Motiur Rahman Nizami, the chief of Bangladesh’s largest faith-based party, is a step closer to the gallows after the Supreme Court on Thursday rejected his appeal of a death sentence on a war-crime conviction.
The head of the opposition Jamaat-e-Islami (JeI) party lost his last legal bid to avoid execution when a four-member panel of the court’s appellate division turned down Nizami’s claim of innocence over crimes committed during the war of independence in 1971.
“Motiur Rahman Nizami’s review appeal has been rejected and the court upheld his death sentence. This verdict ends legal procedures. The only option left for him is to seek presidential clemency,” Attorney General Mahbubey Alam told reporters after the court’s ruling.
Alam said the jail authorities would read out the death warrant to Nizami and ask him whether he would submit a petition for clemency.
“He would get the time to file the petition,” the attorney general said without specifying a time for execution. Previously, hangings have been carried out within days of similar rulings.
Nizami’s lawyer, Khandker Mahbub Hossain, told BenarNews that he was not sure what the next step would be.
“My client will decide whether he wants to seek presidential clemency,” Hosain said.
JeI, which is aligned with the main opposition Bangladesh Nationalist Party (BNP), has called a nationwide three-day protest against the ruling, including a general strike on Sunday, according to a statement posted on JeI’s website.
Starting on Wednesday afternoon, police were deployed around the courthouse and other government buildings in anticipation of potential violence around the Supreme Court’s decision. On Thursday officers manned checkpoints throughout Dhaka.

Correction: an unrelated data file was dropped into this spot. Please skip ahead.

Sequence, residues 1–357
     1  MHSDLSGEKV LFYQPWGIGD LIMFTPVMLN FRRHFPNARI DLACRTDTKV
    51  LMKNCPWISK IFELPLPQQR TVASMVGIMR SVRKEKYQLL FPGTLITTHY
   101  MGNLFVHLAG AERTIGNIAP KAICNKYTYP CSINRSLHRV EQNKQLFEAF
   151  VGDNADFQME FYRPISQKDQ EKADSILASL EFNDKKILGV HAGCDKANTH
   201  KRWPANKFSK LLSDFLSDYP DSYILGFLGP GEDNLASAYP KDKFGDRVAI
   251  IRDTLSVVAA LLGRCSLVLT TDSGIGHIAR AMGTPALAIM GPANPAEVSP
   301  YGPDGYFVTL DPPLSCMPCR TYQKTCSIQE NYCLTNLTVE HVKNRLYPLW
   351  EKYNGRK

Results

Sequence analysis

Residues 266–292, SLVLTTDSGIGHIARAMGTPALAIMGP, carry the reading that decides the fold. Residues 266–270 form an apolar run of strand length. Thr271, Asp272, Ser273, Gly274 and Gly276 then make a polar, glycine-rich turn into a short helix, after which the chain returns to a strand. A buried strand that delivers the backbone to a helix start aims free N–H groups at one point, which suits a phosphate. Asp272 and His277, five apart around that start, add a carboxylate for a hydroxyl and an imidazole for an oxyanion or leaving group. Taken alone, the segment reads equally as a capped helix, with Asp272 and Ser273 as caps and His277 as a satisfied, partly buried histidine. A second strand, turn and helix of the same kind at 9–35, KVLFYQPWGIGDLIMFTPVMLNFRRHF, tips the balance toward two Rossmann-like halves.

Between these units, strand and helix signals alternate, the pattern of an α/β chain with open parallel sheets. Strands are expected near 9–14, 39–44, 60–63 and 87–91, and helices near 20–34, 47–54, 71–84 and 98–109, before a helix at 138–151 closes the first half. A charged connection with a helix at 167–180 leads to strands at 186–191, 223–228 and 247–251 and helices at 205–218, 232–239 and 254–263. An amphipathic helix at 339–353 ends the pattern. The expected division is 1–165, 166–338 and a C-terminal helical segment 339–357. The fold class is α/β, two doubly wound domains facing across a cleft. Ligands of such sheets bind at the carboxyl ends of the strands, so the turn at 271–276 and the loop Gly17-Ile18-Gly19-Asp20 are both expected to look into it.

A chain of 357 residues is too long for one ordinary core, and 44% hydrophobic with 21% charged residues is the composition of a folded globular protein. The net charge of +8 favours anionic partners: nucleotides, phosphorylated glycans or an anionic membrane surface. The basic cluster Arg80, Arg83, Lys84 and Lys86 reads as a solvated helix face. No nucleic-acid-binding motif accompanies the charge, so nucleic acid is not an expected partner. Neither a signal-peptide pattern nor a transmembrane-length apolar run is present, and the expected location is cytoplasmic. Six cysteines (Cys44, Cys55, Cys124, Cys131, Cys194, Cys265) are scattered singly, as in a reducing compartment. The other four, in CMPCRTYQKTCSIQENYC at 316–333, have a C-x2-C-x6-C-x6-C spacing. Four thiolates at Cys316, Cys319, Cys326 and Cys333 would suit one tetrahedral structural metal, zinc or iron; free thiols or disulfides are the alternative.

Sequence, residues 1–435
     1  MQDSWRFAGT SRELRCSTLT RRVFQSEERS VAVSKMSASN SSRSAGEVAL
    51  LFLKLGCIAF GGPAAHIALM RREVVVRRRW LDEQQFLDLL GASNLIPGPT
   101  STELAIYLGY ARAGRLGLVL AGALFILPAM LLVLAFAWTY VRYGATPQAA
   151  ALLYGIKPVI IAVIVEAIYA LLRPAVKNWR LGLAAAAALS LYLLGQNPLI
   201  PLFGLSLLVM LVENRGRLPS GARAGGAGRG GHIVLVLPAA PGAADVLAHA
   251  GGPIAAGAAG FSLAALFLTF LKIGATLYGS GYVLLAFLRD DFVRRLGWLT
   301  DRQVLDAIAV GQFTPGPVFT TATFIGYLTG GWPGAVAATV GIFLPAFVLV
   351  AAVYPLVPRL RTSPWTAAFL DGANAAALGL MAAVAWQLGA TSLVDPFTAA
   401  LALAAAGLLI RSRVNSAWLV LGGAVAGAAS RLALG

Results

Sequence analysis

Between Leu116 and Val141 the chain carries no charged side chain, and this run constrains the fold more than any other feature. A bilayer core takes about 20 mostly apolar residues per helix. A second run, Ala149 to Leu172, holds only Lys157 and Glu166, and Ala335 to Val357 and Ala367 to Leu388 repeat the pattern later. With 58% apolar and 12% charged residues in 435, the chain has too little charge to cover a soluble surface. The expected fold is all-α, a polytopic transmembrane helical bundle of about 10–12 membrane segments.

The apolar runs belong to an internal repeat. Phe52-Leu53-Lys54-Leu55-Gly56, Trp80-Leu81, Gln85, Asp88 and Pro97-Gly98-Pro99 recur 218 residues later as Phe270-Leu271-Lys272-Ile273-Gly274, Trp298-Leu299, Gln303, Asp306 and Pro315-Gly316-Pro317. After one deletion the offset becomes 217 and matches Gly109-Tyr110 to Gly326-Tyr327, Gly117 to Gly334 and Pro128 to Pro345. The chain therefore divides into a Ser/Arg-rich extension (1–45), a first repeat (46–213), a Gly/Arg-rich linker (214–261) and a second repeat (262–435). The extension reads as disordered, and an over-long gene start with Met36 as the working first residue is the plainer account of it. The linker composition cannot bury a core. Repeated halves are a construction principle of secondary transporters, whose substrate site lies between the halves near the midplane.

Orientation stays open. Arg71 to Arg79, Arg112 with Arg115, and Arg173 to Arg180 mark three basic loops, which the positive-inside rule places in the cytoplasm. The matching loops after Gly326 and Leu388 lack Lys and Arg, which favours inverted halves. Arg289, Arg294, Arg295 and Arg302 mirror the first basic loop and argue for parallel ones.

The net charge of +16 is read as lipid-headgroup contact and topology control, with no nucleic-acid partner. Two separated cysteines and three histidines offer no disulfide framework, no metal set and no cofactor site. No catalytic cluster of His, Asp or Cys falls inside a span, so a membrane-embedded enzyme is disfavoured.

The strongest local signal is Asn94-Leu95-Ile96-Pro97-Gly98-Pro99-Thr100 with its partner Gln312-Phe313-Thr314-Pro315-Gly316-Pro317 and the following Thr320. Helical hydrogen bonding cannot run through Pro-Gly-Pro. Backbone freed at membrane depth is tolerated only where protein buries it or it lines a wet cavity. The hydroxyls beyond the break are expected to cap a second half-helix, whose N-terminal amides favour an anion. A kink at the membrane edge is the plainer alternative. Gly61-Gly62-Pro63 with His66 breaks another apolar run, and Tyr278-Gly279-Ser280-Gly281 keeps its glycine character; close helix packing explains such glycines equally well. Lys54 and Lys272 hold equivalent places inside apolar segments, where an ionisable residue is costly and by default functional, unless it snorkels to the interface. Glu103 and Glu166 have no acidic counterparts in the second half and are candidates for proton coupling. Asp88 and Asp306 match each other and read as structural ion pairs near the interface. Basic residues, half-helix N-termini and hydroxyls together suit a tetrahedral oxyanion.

Two other JeI leaders, Abdul Kader Molla and Mohammad Kamaruzzaman, went to the gallows without seeking clemency.
JeI’s secretary general, Ali Ahsan Mohammad Mojahid, and the BNP’s Salahuddin Quader Chowdhury, who were executed in November 2015, sent letters to the president questioning the fairness of their trials. The government claimed both had sought clemency through their letters – but their families rejected that claim.
Following their executions, the country remained on a heightened state of alert for days as thousands of police and paramilitary units were deployed in Dhaka and other major cities. The government shut down social media sites Facebook, Viber and WhatsApp for several days over fears that trouble makers could communicate with each other or foment violence.
A litany of alleged crimes
A war crimes tribunal on Oct. 29, 2014, sentenced Nizami to death.
Sixteen war-crimes charges had been brought against Nizami, who during the war headed an auxiliary armed force, Al-Badr, which allegedly killed civilians and intellectuals while siding with the Pakistans army. The tribunal ruled that eight charges were proven, including four that carried the death penalty.
Alam said the apex court upheld three of the tribunal’s death penalty verdicts and two life sentences. It dismissed one of the death penalty and three other convictions.
Nizami was charged with crimes including the indiscriminate rape and murder of 450 people in Baushgari and Demra villages in Pabna; the killing of 10 people and the raping of three women in Koromja village; the murder of 52 people in Dhulauri village and a plan to massacre intellectuals.
‘A historic day’
Pro-independence groups rejoiced Thursday at news of the Supreme Court’s ruling.
“This is a historic day for us. The whole nation is satisfied with the court judgment. The family members of the victims would get some solace if the verdict is implemented,” Fazlur Rahman, a member of the Ghatak Dalal Nirmul Committee, which calls for the executions of war criminals and their accomplices, told BenarNews.
However, acting JeI chief Moqbul Hossain and acting secretary general Shafiqur Rahman accused the government of bringing false charges against Nizami.
The two issued a statement saying that JeI leaders and activists would offer prayers for Nizami on Friday and hold peaceful demonstrations across the country against the verdict. The statement urged people to participate in a 12-hour hartal (strike) on Sunday.